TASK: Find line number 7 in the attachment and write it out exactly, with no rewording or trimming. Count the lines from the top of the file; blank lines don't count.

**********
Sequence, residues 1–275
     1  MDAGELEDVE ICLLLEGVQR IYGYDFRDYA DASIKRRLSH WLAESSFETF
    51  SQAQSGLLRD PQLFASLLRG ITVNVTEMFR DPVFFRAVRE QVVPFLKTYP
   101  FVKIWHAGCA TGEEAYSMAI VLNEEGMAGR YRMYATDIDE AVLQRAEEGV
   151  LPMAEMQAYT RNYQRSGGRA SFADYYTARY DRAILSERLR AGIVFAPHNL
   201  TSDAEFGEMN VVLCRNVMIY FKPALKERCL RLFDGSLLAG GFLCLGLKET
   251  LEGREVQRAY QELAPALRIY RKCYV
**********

   251  LEGREVQRAY QELAPALRIY RKCYV